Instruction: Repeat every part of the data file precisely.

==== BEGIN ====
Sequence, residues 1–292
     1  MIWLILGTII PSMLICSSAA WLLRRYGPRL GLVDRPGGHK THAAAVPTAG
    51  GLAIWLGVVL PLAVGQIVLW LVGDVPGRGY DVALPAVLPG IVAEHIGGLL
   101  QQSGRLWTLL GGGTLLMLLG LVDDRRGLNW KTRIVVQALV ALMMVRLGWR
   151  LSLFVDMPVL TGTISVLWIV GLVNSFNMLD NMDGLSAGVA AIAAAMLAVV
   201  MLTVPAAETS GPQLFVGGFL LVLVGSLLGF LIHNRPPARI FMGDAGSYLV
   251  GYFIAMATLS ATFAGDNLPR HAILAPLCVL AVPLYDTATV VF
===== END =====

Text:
Sequence, residues 1–292
     1  MIWLILGTII PSMLICSSAA WLLRRYGPRL GLVDRPGGHK THAAAVPTAG
    51  GLAIWLGVVL PLAVGQIVLW LVGDVPGRGY DVALPAVLPG IVAEHIGGLL
   101  QQSGRLWTLL GGGTLLMLLG LVDDRRGLNW KTRIVVQALV ALMMVRLGWR
   151  LSLFVDMPVL TGTISVLWIV GLVNSFNMLD NMDGLSAGVA AIAAAMLAVV
   201  MLTVPAAETS GPQLFVGGFL LVLVGSLLGF LIHNRPPARI FMGDAGSYLV
   251  GYFIAMATLS ATFAGDNLPR HAILAPLCVL AVPLYDTATV VF